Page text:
Syria in Review : A Report on The Country’s Education

By Rasha Alkalla

Education
“The Lost Generation “

There are millions of children currently
homeless in the world because of armed conflict, violence and war, and
their plight has been highlighted on World Refugee Day.
These children often hold the title of “Lost Generation”, they face the
risk of losing the simplest of happiness and quiet childhood, such as
education
“Education is the best thing in life, A large number of Syrian refugee
children still do not have access to education despite the efforts of
Governments and United Nations agencies.

*The Education Challenge
During interviews and focus group discussions in Lebanon, 66% of  a pool of
80 children questioned about education said, they did not go to school. If
the situation does not improve significantly, Syria may risk eventually
reaching a generation that has received a poor degree of education.
In the face of this, UNICEF led the development of strategy entitled
“An Unwasted Generation”. The strategy aims to improve children’s
access to quality education and strengthen the protection environment
for children. It also seeks to expand national absorptive capacity and
access to education and protection for host communities, both within
Syria and in neighboring countries, by linking humanitarian and
development responses. Given the pressure on public school systems,
the strategy also aims to significantly expand formal education in
traditional locations, as well as non-formal education.

*The Scope of the problem
United Nations agencies, working in support of the Ministry of
Education, aim to increase the number of Syrians enrolled in public
schools more than threefold by the end of 2013, but even if this goal is
achieved, approximately 200,000 Syrian children may remain without
education.

*Long absences from school
The crisis in Syria, the journey into exile and the transition to a new life
have led to the loss of months and years of schooling for many
Syrian refugee children. Some have lost the incentive to start anew,
especially if this would involve a low school enrolment rate. A Syrian
assistant teacher at Zaatari Camp said he feared that many of the
children in Jordan might have ‘lost the spirit of education.’
In Jordan, no child who has been absent from school for more than
three years is entitled to formal education.

*In-school treatment
For many refugee children, school is a safe place where they can
learn new things and make friends. School helps them regain part of
their natural life and set goals for the future. Parents and children have
talked about teachers ‘ strong support and kindness and giving them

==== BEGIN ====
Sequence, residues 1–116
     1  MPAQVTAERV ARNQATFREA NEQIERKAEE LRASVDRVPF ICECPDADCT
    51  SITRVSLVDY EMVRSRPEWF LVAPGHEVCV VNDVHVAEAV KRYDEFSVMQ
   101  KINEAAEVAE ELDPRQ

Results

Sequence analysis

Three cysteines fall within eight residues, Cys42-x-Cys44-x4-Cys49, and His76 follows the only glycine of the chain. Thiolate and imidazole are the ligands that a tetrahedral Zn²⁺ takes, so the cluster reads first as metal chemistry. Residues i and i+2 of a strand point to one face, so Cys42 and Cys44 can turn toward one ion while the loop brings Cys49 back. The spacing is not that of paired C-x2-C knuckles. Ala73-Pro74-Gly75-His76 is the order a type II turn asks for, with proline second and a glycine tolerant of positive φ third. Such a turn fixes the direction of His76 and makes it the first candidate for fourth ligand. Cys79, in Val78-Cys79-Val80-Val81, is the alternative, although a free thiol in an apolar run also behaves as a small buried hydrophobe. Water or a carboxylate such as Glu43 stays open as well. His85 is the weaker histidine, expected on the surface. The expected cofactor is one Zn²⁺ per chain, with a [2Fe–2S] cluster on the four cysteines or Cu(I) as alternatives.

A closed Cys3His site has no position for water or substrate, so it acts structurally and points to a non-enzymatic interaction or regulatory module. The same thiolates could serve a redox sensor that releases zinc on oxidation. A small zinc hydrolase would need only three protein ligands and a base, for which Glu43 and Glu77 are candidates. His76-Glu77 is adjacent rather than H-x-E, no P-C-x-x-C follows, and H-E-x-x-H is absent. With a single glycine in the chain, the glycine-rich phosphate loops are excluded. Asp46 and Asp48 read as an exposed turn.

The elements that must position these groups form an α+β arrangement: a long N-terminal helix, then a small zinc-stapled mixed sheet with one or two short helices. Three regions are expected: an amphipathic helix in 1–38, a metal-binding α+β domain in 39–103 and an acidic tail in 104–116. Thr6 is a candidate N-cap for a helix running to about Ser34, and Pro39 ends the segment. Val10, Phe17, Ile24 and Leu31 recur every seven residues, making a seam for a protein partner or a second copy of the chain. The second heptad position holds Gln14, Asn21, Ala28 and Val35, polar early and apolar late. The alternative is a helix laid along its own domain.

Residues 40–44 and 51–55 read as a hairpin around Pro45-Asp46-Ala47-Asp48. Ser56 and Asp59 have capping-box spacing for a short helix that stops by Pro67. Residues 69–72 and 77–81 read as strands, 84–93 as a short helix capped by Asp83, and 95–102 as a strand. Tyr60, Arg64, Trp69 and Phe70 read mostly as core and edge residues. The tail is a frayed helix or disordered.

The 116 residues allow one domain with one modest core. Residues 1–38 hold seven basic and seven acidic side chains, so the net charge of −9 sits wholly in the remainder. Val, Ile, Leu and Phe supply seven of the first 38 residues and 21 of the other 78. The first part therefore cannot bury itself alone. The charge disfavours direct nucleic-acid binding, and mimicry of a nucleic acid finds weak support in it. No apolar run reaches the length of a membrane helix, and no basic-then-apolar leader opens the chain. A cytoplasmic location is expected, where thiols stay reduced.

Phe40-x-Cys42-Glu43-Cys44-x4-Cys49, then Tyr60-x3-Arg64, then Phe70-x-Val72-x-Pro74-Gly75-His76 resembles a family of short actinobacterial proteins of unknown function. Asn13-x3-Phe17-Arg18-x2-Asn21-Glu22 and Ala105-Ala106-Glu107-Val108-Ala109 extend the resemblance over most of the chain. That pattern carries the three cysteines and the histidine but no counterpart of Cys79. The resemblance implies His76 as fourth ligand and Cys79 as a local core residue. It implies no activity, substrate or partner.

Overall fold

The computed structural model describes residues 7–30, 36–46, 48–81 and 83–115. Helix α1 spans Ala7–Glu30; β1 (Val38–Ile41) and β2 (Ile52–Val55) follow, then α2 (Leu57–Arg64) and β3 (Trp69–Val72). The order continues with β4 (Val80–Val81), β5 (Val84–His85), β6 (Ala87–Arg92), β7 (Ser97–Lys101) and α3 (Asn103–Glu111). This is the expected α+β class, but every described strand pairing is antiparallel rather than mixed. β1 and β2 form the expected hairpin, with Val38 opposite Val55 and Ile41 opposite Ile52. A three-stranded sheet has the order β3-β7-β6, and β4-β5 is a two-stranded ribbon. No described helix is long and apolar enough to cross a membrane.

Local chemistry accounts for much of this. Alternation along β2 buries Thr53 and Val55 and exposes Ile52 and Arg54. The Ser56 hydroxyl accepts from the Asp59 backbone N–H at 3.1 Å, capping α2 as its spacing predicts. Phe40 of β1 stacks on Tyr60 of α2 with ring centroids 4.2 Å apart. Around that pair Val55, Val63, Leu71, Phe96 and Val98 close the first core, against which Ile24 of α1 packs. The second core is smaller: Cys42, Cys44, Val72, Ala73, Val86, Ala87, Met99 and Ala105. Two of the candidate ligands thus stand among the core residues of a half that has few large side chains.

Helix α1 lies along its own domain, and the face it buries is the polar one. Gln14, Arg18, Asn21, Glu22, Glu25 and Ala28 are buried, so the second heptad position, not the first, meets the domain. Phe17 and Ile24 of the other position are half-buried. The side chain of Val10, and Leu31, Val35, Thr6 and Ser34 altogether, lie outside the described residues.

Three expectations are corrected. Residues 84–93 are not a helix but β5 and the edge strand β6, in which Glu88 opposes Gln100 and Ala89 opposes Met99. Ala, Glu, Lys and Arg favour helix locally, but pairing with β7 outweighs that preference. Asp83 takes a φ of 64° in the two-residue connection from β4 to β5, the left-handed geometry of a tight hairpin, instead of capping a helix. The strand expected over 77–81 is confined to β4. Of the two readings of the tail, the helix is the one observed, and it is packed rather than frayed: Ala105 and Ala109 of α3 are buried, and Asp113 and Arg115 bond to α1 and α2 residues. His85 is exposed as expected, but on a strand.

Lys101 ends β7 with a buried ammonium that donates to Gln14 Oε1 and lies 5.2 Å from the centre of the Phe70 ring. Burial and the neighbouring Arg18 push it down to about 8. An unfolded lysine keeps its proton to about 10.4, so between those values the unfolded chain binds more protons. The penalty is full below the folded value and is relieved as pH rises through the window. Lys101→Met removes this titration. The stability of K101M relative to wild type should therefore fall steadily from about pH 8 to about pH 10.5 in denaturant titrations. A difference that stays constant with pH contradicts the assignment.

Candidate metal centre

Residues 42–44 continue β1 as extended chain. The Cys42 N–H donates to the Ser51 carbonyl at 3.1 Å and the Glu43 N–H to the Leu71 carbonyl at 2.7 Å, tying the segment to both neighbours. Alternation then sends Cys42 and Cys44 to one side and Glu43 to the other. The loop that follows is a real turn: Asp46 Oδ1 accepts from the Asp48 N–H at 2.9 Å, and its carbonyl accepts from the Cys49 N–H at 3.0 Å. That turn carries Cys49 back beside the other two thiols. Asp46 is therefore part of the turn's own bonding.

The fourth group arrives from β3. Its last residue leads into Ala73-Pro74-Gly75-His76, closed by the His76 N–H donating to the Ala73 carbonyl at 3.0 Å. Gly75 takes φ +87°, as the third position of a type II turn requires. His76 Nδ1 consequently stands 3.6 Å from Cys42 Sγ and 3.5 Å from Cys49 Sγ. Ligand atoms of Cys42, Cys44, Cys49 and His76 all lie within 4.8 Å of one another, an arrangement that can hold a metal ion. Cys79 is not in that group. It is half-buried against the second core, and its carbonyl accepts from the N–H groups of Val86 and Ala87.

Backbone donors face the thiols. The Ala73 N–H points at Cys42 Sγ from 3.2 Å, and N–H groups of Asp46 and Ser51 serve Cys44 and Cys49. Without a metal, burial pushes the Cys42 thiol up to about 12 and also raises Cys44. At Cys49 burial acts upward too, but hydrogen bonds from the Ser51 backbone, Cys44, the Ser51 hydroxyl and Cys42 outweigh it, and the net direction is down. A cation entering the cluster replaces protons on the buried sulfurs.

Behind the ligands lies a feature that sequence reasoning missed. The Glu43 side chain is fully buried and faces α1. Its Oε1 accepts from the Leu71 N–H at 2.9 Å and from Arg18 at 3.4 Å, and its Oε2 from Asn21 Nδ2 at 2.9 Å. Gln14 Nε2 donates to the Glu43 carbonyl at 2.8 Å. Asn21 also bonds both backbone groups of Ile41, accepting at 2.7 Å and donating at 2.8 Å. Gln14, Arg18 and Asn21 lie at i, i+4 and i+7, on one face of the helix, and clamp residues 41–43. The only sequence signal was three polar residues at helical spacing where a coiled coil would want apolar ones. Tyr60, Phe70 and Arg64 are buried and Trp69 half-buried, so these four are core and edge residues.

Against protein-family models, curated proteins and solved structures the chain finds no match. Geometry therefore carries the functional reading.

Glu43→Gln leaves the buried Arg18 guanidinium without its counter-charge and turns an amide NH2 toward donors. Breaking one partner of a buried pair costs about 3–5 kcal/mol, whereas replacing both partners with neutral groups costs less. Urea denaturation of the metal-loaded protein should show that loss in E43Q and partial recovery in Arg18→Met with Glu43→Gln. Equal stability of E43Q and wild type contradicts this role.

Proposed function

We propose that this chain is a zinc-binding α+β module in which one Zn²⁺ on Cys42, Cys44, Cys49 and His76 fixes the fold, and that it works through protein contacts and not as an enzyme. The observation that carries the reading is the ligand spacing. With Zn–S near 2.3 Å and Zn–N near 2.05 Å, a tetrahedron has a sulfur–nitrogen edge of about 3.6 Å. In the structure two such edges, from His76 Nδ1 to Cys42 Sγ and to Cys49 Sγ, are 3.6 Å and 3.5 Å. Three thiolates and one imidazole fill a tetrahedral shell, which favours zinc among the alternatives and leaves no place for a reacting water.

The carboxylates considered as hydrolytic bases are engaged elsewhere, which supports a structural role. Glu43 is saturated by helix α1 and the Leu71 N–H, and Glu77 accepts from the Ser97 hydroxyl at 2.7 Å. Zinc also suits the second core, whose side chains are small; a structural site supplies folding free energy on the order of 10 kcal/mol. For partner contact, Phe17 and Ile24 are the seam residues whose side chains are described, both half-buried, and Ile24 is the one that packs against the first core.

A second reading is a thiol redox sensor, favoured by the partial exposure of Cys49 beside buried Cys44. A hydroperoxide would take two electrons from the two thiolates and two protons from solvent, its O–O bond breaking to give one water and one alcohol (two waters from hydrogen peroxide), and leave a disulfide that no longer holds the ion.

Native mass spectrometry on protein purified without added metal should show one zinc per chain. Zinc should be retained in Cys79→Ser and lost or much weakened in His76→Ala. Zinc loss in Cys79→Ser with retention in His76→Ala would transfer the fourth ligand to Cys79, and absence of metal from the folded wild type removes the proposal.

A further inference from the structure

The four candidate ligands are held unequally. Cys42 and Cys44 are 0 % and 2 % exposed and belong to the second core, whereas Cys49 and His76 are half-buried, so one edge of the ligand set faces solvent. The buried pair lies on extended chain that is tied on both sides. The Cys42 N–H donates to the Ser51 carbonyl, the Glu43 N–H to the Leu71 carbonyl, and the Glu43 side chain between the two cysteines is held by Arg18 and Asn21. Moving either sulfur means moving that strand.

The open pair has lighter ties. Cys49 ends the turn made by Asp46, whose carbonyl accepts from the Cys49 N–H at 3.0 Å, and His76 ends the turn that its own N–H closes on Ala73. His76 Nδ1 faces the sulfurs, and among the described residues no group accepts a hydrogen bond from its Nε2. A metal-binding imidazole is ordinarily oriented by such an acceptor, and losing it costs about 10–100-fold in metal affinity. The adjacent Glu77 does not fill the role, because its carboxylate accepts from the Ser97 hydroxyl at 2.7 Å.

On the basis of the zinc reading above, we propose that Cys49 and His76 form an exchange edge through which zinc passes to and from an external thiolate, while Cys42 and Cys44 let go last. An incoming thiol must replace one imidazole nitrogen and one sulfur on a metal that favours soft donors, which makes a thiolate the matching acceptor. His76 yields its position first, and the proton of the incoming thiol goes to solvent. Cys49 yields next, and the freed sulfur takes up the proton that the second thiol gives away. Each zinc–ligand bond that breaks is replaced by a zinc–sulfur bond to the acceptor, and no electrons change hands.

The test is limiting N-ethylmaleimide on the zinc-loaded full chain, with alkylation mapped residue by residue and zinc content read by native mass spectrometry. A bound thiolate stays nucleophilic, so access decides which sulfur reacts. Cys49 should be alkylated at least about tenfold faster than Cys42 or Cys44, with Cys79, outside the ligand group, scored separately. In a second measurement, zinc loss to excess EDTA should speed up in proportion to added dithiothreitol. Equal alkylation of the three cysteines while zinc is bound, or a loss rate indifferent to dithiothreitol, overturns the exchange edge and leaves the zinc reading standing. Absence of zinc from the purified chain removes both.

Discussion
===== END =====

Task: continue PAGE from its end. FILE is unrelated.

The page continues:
extra attention and assistance to Syrian students
Some fathers also reported that teachers abused children verbally and
physically. Many children in Lebanon said that their teachers beat them
in the classroom and they told us bad words.

*Unable to cover costs
UNHCR and UNICEF cover expenses for all Syrians, as well as a
small number of vulnerable children and Lebanese returnees. UNICEF
and UNHCR are also providing school uniforms, books, bags and
stationery to Syrian refugee children in Lebanon and Jordan, as
permitted by the scope of the resources.

*Means of transportation and distance
There are additional problems facing children who can find a place at
school. Discussions with parents and children indicate that
transportation is a major constraint, with distance and safety
considerations causing a large number of children to remain without
education.
Innovative programs to help children reach school safely. In Mafraq,
Jordan, Syrian fathers in three schools set up a special  drop-off
systems. Over the past school year, 100 children have benefited from the
system in schools.

*Children with disabilities
The exclusion of children with physical, mental and intellectual
disabilities from public schools in Jordan and Lebanon, including Syrian
refugees, is a serious issue, despite the existence of policies to promote
their integration. A recent evaluation of 120 refugees in Lebanon; half
of them with disabilities and other caregivers did not refer to any child
attending school or other educational activities. Only a few of these
handicapped children went to school in Syria. recent reports from
Jordan’s Za’atari camp indicate that children with disabilities do not
attend school in general.
Claire Cathernet, an integration advisor at Help Age and Handicap
International in Lebanon, says some children have severe
disabilities and may need specialized services, but many children with
sensory, intellectual, mental or physical disabilities can and should be
integrated into public schools.

* Encouraging school attendance

“Seize this opportunity, it’s your chance! What is the most important
education!” 

Back-to-school campaigns in the two countries encouraged children
to enroll in schools, and parents got to know the stages of the enrolment and its
process. In Jordan, Syrian and Jordanian Volunteers assisted UNICEF  to
save children by reaching more than 20,000 children in Za’atari
camp and 60,000 children in host communities. In Lebanon, UNHCR,
UNICEF and their partners supported an extensive community outreach
campaign, including the preparation and distribution of posters and
leaflets that clearly explain the steps of enrolment.
We all have a responsibility to protect children of Syria, to tell
their stories and to raise awareness about their plight until they can
return home.

“There is no honest expression about the spirit of society more than
the way it treats its children.”
~ Nelson Mandela ~

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